Snow days

A transformed farmscape ...

Context changes so much. On any other February Sunday, a persistent dripping noise could pass unnoticed. Just another day of winter rain in Oregon.

Today, however, the dripping signifies change. Movement. Thaw.

Dottie in her snowsuit

As I noted in last week’s newsletter, February’s arrival brought more winter weather. Sub-freezing temperatures, followed late last week by snow.

Before this weekend, we hadn’t received any significant snowfall here on the farm since late 2008. That was an epic snow event for the Willamette Valley, dubbed “snowpocalypse” by many. We were stuck on the farm for about a week, as we watched snow and ice pile up everywhere on everything. Incidentally, we also decided that week that, yes, we were ready to have children. Because how much more fun would that snow have been with little ones in our farm life? Rusty was born on the farm just less than a year later (during some record cold — not particularly snowy — weather).

So, five years have passed since our fields turned white. We had almost forgotten it was even possible, but Thursday morning’s forecast read: “100% chance of snow. 3-5 inches possible.” We quickly moved up the start time for our Full Diet CSA pick-up, hoping that everyone could get out here before the snow began to fall in earnest. Since it was 22° out, we knew this snow would stick immediately.

Rusty in his snowsuit (and goofy face)

And they came — the people, followed close behind by the snowflakes themselves. Our last CSA member pulled out just around 4 pm, driving back to Mac in several inches of snow. We hear that even more had already fallen in town (we are lower and often receive less snow).

And, then it kept snowing, all night and all the next day. The farm transformed before our eyes into a soft white blanket. As the white reflected light into the recesses of our little home, we were reminded of just how uniquely dark wet Pacific Northwest winters can be. Certainly, snow beings plenty of challenges, but that magic brightness can certainly offset much of that. So much light, even at night. Magic.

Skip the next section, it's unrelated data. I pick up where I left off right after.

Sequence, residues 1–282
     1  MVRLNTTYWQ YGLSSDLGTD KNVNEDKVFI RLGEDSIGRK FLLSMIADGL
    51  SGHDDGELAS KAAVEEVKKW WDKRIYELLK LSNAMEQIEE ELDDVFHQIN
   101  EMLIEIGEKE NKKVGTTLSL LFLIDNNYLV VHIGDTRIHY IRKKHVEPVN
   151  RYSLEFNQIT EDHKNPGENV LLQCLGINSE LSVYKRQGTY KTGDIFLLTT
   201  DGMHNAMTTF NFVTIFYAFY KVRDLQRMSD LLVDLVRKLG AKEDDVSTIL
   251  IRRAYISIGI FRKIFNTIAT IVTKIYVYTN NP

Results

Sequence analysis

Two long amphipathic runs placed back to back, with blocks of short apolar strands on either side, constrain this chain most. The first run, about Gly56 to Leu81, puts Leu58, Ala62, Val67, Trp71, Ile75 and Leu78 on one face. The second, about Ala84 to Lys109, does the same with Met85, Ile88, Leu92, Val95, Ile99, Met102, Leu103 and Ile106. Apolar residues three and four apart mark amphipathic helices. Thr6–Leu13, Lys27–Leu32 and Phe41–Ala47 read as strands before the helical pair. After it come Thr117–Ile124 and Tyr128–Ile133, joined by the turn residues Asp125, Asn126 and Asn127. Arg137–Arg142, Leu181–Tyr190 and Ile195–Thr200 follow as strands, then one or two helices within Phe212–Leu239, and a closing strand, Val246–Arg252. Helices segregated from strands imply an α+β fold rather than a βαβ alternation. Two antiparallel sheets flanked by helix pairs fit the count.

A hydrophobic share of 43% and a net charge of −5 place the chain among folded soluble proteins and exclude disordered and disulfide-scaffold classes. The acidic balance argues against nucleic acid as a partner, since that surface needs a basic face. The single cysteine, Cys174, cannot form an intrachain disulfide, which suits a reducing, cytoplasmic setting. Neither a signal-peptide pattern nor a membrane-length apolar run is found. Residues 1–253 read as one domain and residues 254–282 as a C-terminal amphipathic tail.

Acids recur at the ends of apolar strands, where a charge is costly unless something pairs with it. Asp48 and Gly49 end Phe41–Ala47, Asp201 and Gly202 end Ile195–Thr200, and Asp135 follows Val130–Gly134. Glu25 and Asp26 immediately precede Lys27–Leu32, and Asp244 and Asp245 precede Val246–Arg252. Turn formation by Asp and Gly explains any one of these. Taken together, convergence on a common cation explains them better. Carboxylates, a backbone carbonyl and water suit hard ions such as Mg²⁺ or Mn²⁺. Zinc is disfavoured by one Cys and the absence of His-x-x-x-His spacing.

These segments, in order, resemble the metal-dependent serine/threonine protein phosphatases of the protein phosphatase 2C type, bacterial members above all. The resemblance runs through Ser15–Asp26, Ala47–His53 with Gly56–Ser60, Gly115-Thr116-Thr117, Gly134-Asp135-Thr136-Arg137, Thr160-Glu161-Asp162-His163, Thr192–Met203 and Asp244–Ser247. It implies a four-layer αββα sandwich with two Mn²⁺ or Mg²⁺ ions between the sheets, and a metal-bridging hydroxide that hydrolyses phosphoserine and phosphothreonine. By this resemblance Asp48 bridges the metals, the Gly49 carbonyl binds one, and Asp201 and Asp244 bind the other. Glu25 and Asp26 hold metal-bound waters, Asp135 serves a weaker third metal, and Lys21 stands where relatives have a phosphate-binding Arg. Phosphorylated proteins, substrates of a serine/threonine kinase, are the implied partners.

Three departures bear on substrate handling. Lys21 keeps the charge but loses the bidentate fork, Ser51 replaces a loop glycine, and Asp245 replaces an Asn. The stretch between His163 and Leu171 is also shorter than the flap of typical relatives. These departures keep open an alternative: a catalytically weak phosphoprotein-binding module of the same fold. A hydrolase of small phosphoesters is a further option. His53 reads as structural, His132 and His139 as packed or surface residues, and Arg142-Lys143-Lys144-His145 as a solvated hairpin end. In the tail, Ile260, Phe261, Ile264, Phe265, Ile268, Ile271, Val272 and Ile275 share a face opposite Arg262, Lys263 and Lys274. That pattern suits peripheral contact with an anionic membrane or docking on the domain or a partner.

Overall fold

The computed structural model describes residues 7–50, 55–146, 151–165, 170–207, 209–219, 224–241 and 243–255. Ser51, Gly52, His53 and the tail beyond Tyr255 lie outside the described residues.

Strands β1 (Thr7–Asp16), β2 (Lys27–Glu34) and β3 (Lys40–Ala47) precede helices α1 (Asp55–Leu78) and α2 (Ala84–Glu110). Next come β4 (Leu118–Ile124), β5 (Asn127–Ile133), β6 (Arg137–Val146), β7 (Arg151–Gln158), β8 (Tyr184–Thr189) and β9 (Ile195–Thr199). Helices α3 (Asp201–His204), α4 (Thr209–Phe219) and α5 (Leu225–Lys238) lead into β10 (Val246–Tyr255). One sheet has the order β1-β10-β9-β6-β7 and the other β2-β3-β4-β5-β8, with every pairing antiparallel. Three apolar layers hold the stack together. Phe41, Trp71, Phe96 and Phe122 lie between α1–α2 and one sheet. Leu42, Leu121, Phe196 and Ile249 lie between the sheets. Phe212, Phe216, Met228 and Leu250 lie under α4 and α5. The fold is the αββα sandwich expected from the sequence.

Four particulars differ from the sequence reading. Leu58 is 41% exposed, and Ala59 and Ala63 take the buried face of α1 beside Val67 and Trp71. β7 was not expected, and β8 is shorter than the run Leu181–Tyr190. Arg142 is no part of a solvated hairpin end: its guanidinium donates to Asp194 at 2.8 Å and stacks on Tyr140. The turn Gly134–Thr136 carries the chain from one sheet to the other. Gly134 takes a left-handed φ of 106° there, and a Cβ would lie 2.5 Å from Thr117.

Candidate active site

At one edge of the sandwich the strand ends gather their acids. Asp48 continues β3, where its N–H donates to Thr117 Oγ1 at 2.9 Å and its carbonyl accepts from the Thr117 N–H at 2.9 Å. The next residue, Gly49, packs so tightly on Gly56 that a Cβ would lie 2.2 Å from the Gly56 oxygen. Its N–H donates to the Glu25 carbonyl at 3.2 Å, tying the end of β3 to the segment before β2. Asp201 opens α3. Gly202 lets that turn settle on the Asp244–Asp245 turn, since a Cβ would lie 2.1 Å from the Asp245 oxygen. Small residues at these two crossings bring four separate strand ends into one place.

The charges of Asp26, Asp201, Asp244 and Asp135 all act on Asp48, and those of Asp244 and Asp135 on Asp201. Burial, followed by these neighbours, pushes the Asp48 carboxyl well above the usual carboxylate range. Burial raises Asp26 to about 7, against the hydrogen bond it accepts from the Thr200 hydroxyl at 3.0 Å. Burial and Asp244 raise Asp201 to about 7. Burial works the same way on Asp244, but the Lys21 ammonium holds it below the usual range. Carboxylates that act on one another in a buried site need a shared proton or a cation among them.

But, challenges too — it definitely took two people to get our routine animal chores completed each day of snowfall. In part, it was simply more physically taxing. By the second day of snow, only the tractor could safely clear the depth of the snow. Plus, the working was more daunting (especially when the snow continued to fall and fall on Saturday morning). Work that could normally be easily completed by one person was definitely better done as a team, and so Casey worked much of the weekend.

And, then on Saturday afternoon, the weather shifted. The snow turned to a “wintry mix,” and the temperature rose enough that our field house warmed above freezing, and the whole family watched as large chunks of snow slid off in succession. The trend continued in earnest Sunday morning, as that dripping sound became a joyful reminder that the snow was melting. The house shuddered as slabs of snow slid off our metal roof. The snow became crunchy and packed down under our feet. Birds chirped.

Enjoying a snack and a view of the snow